French pattern is a popular layout for travertine tile and patio pavers. Here's a section of a french pattern layout in a paver, in this case using a "gold" unfilled, and chisled group of tiles for that appealing weathered look.

Travertine tile – outdoor and indoor living spaces

Another historic connection that civilization has with travertine is that there has been no division as to where you install it. This works out extremely well for the 21st century homeowner who is interested in blurring the lines between outdoor living spaces and interiors. Travertine helps get you there, for use as patios, paths, and pool surrounds leading into interior spaces that we spend most of our time in.

For outdoor installations in particular, your climate will be the first point of discussion to have with your chosen travertine tile vendor. It’s a conversation to have with your installer if you’re not installing it yourself. But, travertine holds the potential as a unifying stylistic surface between interior spaces, and outdoor ones.

As ancient a building material as it is, you can see that travertine tile can be a part of a 21st century, modern design, like this classic minimalist space. It also shows the potential to unite indoor and outdoor spaces as well.


Rooms to transform with travertine tile

Much like in the ancient world, the use of stone surfaces all over the house is becoming more and more common. We’ve moved beyond the hallway, and the foyer, the bathroom, and into the kitchen, the living rooms, studies, and even bedroom areas.

Once again, a  lot of this will depend upon your climate as much as it will with the style you’re trying to capture. It’s something to discuss with your chosen vendor. But, if these elements are in place, travertine remains to be an option for all kinds of rooms in your home.

Travertine tile in the kitchen; not just for hallways anymore.


Floors and walls and travertine tile

Travertine tile can exist in three dimensions, which proves its versatility even further. As we’ve seen, travertine makes for high performing flooring. But, it’s also a unique surface for applications like shower and bath backsplashes, either using large tile, or mosaics. With the mosaics, you’re getting another design dimension that adds value to a space, and that’s texture.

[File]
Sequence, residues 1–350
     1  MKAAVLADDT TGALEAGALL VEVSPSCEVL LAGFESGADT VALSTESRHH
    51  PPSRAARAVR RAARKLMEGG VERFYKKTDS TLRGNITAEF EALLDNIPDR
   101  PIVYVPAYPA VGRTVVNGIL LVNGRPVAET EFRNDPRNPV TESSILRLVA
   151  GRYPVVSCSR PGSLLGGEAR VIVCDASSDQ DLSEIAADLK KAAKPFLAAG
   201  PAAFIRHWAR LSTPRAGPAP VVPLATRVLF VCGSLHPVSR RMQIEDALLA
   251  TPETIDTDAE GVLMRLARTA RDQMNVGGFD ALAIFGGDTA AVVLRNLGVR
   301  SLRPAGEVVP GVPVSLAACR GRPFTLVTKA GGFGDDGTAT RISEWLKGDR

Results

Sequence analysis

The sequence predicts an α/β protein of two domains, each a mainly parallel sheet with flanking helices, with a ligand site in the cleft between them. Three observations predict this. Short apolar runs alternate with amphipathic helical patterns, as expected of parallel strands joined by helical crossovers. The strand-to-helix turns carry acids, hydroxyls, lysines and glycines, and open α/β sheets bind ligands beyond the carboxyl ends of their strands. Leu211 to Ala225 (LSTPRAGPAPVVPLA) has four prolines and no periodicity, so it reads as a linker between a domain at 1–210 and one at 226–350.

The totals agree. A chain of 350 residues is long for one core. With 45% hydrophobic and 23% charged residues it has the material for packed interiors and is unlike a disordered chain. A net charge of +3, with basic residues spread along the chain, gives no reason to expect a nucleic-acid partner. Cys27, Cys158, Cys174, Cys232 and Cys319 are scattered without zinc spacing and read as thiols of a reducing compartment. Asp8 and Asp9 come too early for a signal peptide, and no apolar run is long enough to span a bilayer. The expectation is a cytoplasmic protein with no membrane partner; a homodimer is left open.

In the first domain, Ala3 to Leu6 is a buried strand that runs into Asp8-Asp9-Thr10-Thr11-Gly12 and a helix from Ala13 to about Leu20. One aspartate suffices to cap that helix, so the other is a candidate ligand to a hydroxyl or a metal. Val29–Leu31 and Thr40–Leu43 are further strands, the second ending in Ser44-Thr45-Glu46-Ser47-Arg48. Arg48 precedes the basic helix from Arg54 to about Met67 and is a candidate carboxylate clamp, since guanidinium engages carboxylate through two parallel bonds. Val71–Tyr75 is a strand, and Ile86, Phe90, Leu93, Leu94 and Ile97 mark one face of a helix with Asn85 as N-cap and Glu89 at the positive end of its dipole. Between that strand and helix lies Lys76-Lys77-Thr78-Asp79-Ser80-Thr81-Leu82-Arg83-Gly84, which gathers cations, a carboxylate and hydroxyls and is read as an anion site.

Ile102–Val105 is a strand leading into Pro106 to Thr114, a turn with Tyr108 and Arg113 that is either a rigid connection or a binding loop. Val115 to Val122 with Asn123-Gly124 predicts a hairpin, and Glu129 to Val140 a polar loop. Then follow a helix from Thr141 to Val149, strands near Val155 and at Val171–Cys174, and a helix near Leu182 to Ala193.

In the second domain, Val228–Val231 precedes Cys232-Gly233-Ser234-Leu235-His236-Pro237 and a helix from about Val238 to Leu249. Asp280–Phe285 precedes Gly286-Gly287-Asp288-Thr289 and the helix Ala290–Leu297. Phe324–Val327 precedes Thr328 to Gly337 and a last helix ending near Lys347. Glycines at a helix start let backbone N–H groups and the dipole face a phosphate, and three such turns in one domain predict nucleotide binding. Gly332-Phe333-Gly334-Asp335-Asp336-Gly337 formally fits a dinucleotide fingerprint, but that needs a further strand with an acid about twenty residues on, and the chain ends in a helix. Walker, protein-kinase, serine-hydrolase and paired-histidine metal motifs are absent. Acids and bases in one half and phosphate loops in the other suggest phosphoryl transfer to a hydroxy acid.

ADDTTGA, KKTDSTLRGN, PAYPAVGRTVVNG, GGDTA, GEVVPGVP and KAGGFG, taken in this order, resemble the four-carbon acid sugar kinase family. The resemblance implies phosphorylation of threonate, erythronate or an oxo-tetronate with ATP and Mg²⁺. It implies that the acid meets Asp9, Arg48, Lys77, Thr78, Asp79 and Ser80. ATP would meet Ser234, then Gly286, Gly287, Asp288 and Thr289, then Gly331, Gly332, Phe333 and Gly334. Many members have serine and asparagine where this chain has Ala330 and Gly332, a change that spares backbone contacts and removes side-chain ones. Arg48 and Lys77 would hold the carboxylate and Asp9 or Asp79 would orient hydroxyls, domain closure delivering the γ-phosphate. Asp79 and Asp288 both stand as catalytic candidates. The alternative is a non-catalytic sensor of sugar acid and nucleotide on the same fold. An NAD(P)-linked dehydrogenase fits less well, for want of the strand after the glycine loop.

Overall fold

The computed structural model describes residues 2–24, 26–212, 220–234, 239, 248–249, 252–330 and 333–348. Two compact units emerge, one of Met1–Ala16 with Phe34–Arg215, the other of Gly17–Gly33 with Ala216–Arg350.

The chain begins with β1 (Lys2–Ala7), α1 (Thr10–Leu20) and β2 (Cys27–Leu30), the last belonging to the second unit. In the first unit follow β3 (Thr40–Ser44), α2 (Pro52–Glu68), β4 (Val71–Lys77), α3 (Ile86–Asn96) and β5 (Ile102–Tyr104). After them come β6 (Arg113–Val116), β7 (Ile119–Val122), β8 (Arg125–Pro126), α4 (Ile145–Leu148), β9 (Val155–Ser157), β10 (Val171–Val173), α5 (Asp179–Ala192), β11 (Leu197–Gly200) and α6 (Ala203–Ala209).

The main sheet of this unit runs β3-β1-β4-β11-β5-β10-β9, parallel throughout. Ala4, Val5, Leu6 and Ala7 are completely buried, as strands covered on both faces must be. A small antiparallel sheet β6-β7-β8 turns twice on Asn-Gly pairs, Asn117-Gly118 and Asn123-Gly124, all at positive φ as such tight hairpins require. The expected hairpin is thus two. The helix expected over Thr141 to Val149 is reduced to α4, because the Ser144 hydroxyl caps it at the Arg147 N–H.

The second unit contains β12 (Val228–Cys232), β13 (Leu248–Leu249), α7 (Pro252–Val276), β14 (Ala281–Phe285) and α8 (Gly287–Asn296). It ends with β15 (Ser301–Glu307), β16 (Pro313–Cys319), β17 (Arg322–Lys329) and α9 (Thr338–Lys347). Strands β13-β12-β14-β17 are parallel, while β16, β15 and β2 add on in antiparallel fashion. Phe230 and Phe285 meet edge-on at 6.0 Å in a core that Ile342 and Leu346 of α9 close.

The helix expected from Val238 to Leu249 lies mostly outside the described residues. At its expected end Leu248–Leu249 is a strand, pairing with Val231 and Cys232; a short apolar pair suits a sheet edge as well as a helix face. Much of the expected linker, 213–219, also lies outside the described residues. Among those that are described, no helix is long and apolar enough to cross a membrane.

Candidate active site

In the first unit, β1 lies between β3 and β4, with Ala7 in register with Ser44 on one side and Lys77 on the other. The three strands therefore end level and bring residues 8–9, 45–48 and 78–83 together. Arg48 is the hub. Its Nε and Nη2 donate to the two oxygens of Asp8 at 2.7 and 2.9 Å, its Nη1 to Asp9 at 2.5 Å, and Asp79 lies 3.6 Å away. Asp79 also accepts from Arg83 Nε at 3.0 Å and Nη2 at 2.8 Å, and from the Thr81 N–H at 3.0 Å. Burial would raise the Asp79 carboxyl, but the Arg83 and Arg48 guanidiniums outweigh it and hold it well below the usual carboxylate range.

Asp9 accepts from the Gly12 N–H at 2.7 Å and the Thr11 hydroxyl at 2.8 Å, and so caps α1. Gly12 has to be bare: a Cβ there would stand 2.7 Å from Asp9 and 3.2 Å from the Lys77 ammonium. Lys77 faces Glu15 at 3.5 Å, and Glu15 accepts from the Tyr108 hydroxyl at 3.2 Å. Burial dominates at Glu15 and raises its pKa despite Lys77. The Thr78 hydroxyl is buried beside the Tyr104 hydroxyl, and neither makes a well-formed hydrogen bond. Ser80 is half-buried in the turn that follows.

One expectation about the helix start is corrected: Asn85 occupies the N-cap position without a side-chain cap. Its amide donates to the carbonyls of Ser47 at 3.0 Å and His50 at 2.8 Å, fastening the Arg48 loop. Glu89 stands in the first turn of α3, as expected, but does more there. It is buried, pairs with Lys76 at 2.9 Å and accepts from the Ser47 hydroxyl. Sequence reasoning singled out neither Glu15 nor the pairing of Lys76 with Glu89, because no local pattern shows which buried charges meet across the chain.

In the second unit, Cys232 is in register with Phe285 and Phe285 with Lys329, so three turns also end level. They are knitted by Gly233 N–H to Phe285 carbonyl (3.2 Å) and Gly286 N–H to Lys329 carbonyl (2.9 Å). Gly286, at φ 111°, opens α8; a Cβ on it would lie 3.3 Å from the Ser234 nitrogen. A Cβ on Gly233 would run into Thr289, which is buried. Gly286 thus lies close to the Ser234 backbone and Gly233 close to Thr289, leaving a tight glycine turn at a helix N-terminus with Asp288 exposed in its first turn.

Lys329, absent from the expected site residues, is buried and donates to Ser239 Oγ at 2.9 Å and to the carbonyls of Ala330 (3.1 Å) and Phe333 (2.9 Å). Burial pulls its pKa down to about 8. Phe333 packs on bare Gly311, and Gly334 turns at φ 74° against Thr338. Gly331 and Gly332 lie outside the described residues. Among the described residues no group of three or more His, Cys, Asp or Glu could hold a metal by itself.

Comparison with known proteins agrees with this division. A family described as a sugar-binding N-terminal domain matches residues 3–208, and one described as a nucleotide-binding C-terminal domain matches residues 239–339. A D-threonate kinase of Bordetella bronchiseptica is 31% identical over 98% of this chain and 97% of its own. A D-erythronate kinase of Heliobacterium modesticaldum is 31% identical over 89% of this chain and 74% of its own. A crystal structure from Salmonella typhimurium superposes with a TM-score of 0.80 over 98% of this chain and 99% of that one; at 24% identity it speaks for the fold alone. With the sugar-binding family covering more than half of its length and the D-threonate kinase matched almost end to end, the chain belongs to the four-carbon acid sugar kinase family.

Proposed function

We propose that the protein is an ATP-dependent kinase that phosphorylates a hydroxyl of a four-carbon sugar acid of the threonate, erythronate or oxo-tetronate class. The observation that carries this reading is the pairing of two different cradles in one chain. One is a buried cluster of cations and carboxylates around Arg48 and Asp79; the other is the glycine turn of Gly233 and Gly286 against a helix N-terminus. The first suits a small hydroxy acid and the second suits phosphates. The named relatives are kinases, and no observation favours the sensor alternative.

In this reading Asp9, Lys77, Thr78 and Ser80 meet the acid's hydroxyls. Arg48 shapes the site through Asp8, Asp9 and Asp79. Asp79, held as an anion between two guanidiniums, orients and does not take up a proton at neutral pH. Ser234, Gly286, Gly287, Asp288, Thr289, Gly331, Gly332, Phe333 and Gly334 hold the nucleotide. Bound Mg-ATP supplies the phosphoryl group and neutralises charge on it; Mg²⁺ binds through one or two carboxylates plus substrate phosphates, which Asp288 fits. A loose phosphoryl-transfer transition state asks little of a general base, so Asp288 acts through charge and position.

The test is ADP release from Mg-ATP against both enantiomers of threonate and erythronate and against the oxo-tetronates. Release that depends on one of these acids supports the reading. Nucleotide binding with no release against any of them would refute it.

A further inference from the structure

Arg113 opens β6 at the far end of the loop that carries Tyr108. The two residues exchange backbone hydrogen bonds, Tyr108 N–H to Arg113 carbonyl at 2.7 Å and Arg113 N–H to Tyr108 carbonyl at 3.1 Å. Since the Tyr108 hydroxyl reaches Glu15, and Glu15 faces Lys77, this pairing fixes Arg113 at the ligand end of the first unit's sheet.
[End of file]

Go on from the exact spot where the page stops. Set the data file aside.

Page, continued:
Travertine tile as wall tile. Some offer color variation and contrast. Others, like this example, offer a textural, even tactile dimension.


Having a surface on walls and floors, with perhaps a dash of contrast between one of the many types of stone tile like this and another, helps you create important contrast in a given space. The irony of good design is that contrast often leads to its own kind of unity, and (dare we use the word) harmony, too.

New travertine tile options to consider

BuildDirect has been working with travertine manufacturers for many years, and we’ve learned an awful lot about its potential as a key surface in a modern home. Most recently, we’ve launched a few new options for travertine tile. These include a new line of filled and polished travertine tile in rectangular dimensions, much like the way a wood floor might appear. If you’re looking for a reflective surface that helps you to spread a bit more natural light in a space, this is well worth checking out.

Another new launch is a collection of mesh-backed travertine mosaic tile. As mentioned above, this kind of travertine can be used as flooring. But, it’s popularly used as wall tile, and for patterning and texture as a contrast to other decor elements.

Travertine tile,  past, present, and future

Even with these two kinds of travertine tile, the big takeaway is versality, with a number of effects to be gained no matter where you install it.  Use of travertine like this is a real link to the past, seeing that travertine was one of the key materials in building empires for thousands of years. But, it’s also a modern, 21st century element that helps you to create viral interior continuity.

It puts the “tile” in versatile!